On a sunny day in mid-July, I visited a lavender farm in Sequim, WA with my friend Judy from Northern California.  She was beginning to grow lavender herself, and as a merchant at her local farmers’ market, she was eager to add lavender products to her offerings. At the small organic farm, we met Helen … Continue reading

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Sandi C. Shore’s Secrets to Standup Success

Most teachers who understand writing as a process say that the first step is to play with words.  They provide exercises for helping students jump and run and climb on the word playground.  But what if your teacher is a stand-up comic?  Well, then, she helps you define your personality, sharpen your comedic style, and … Continue reading

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Just My Two Cents Worth

Having been a student of Jack Grapes, I am privileged to be on his email list and receive messages about reading and activities that inspire thoughts about the nature of writing.  In a recent email from Jack about authenticity in writing, I read this opening question, “If you can’t do it in the journal, what … Continue reading

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The Lonely Voyage of Betty Mouat, Part II

In the latter half of Chapter III of Barbara Sjoholm’s The Pirate Queen:  In Search of Grace O’Malley and Other Legendary Women of the Sea, the author finds a woman who tells her the truth about women’s fishing history in Norway. “The Lonely Voyage of Betty Mouat” (c0ntinued) Excerpted by permission of the author from … Continue reading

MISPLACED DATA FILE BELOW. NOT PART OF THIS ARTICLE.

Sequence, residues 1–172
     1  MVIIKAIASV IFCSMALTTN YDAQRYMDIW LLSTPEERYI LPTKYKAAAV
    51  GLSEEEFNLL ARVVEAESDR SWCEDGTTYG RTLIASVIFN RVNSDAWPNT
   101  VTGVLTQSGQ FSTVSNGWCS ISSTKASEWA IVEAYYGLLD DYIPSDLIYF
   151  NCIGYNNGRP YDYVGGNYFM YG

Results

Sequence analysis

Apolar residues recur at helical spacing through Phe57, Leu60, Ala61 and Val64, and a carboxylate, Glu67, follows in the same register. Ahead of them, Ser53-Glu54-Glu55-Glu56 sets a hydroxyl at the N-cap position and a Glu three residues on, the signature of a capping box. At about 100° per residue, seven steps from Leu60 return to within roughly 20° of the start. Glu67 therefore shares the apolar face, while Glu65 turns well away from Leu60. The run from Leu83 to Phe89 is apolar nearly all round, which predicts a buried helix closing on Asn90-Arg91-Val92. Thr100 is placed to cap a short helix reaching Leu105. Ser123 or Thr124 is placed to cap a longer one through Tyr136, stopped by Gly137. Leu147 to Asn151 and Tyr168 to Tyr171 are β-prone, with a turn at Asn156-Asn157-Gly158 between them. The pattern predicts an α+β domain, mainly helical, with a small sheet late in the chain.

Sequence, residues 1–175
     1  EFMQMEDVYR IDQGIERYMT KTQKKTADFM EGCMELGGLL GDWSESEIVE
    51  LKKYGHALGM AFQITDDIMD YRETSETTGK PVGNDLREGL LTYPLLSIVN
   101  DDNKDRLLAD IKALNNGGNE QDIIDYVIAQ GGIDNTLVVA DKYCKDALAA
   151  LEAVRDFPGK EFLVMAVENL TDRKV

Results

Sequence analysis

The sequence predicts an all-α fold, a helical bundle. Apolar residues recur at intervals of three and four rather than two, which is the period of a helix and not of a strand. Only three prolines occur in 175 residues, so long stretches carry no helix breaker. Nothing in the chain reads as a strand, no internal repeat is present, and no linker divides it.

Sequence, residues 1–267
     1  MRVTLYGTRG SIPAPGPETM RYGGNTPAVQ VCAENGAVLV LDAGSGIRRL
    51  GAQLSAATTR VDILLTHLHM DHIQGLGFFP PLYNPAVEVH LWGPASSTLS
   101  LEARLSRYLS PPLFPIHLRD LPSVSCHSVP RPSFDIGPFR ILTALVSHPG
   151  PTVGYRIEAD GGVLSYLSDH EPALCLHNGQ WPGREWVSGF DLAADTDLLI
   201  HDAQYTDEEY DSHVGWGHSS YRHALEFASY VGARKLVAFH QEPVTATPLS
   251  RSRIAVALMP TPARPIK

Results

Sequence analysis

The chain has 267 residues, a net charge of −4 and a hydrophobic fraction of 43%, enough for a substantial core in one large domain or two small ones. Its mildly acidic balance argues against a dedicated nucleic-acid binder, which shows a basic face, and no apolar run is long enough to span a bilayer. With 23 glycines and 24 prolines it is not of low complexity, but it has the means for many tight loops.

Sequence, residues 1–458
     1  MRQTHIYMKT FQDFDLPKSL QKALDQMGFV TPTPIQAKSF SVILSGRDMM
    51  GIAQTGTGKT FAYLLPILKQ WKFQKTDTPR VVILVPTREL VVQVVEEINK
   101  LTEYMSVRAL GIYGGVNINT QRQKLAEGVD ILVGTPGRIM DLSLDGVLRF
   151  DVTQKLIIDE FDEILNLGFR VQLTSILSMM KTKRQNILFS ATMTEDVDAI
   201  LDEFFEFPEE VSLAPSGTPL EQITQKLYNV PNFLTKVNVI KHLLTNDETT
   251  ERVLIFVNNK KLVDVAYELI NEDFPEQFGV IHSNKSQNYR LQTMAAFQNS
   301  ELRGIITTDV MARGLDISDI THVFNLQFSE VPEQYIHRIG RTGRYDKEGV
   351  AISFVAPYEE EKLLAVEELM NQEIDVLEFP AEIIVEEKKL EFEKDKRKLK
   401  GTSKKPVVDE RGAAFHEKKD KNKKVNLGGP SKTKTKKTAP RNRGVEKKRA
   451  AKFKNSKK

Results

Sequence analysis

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The Lonely Voyage of Betty Mouat

The Lonely Voyage of Betty Mouat We are pleased to present Chapter VIII of Barbara Sjoholm’s new book in two parts.  In this chapter, the author tracks down information on a woman who at age 59 was the sole survivor of a boating accident off the Shetland Islands in the winter of 1886.  Looking for … Continue reading

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A Conversation with writer Barbara Sjoholm

This past spring, The Seattle Times ran a review of Barbara Sjoholm”s new book The Pirate Queen:  In Search of Grace O”Malley and Other Legendary Women of the Sea.  The review opens: If Janet Forsyth lived in the here and now, instead of 17th-century Scotland, she would be on the front page across the country. … Continue reading

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Remembering Your Birthdays

In Mitch Albom’s tale, 83-year-old Eddie Maintenance, as children call him because of the stitching on his work shirt, dies in an amusement park accident at Ruby Pier, where he has spent decades making sure that all the rides are operating safely.  In the course of the book and our introduction to Albom’s version of … Continue reading